Upon landing, the scent of rain filled the air, immediately invigorating and awakening my senses to the surroundings. Not having reviewed weather reports before leaving California, I thought I had all I needed. This early-bird arrival allowed me to get to my Dublin city hotel with plenty of time to get settled in and become familiar with my surroundings: restaurants, shops, theatre, etcetera. I was psyched and ready for my first marathon in an unfamiliar and strange country.

The following day, leaving the comfort of the Jury’s Royal Hotel room, I wandered its lobby collecting various pamphlets of sights to see as a tourist. Despite reading the colorful and delightful variations of many different brochures with interesting venues, I knew I was here for one thing – the marathon. I was already living a dream just being here without the enticement of touristy ventures. I was glad to have brought my old faithful hooded, winter butt-covering coat since the weather was unusually bitter cold and rainy. The country was experiencing “the worst storm in fifty years.” Having to purchase a knit cap big enough to cover my ears for warmth along with woolen gloves in the hotel’s gift shop, I carefully bounded through the surrounding neighborhood within walking distance of the hotel. I wrapped my sock-covered feet in plastic bags for extra warmth and resilience in my sturdy rubber boots. Numerous people walked the streets in long wool coats, covering their heads and faces with scarves and hats for protection from the non-stop cold wind and heavy rains.

Grey hues in the sky matched the light gray and brown cobblestone streets and walkways. Cobblestones. I was used to seeing such a thing in movies, but coming up close and personal with having to walk on them became mandatory. They were unavoidable yet delightfully different at the same time, although a bit cumbersome to walk upon.

The hotel restaurant’s numerous hot meals whetted my appetite. Irish Stew with lamb or beef, vegetables and potatoes; bacon and cabbage with a side of brown bread; something called a “rasher” and something else called a “Blaa.” Prime rib with mashed potatoes, brown gravy and green beans ‒ sounded tasty, safe and familiar ‒ along with a leafy salad was available as well. Mm. Something called a “Colcannon” that consists of a bowl of potatoes mashed with milk, butter, scallions and kale; another available item called a “Carvery” would take too long to explain. The warm, freshly home-made lamb stew was a great choice on my first visit on this cold and wet weather day.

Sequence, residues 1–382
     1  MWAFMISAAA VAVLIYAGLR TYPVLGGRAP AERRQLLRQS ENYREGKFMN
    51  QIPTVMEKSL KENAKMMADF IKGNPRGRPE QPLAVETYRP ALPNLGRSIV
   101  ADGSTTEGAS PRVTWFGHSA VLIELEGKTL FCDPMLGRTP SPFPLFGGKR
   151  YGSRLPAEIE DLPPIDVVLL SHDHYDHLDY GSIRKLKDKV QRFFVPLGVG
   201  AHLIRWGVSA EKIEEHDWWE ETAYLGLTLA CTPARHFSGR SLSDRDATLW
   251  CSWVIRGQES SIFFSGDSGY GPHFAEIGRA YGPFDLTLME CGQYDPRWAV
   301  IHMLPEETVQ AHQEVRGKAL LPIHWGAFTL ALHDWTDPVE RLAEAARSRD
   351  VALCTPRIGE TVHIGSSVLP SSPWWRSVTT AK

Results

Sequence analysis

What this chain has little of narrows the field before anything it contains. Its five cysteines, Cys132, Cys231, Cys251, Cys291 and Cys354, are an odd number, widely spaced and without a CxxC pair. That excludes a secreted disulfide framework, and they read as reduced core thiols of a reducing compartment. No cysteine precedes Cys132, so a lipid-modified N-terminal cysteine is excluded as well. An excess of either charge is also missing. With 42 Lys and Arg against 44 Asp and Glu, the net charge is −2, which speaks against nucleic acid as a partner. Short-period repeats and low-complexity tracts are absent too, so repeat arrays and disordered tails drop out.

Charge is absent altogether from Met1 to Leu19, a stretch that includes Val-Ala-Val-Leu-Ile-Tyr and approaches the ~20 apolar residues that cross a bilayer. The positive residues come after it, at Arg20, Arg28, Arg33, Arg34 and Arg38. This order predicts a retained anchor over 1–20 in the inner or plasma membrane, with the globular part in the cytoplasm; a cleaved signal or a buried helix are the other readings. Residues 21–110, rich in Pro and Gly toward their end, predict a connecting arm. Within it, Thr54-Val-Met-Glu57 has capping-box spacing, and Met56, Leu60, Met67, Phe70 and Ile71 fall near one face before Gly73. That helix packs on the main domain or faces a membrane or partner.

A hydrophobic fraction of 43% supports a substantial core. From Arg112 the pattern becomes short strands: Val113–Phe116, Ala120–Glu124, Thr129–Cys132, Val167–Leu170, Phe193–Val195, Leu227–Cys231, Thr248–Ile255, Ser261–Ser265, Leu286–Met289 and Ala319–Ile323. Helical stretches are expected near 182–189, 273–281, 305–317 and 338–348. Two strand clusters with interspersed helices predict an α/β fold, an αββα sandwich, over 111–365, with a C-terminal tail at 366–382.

I realized it was October 28th meaning I had actually lost a day due to jet-lag. I wondered about the other ADA team member marathon participants, hoping to meet with them. I sighted only one team member from the Santa Monica runs who stayed in the same hotel. Come to find out, others were in different hotels scattered around Dublin, not to arrive until later.

6:00AM, October 30th, marathon day, I taxied with two other marathoners to our designated starting point. Although the rain calmed to a drizzle, during this exciting set-up and meet-‘n-greet, plastic trash bags were offered as body covers to the racers as wet gear protection with racing numbers safety-pinned to the fronts and backs.

I was ready!

Many times during this long, Ireland, walk-run, I purposely slowed down to admire Ireland’s beauty: ancestral, ivy draped stone buildings, wildly rushing streams, and the tremendous amount of bars as we wogged out of the city. Separated by speed, in no hurry and often left behind, I wogged alone. Realizing this, I decided to become a tourist after six hours, when I accomplished the 20-mile mark, a sharp, right knee pain gave me reason to stop.

That’s it, I thought. I fulfilled my promises to myself, the diabetics of the world and the ADA. Climbing aboard a readied and pre-planned ambulance for a return ride to the hotel, I certainly was not the only one to stop early. We were each wet from the inside out due to the rain and sweat, so the warmth of the ambulance was most welcoming.

Once showered, comfortable, and full of some delicious Colcannon, I began to plan for the rest of my stay. The following day, I stiffly walked to Dublin’s nearby ‘rail tour/bus’ office for a meandering, half-day trip into the Wicklow Mountains, the ancient and monastic home of St. Kevin, along coastal scenery, and into Glendalough and The Vale of Clara. Due to the continuous heavy rains with flooding in areas, the tour bus carefully slowed down, causing the tourist company’s scheduled events to change. I didn’t care. I felt safe, happy, warm. For 24Ł, this experience could not be passed up.

Heading back to Dublin, this tour bus coasted through Cork, Limerick (home of author Frank McCourt), and through the cities of Cashel, Cahir and Clonmel. We passed miles and miles and acres and acres of bright green, healthy grasslands nourishing goats, cows, sheep, lambs, lambs and more lambs. Hmm, I couldn’t help but wonder if the delicious lamb stew I had the day before had come from this beautiful pasture.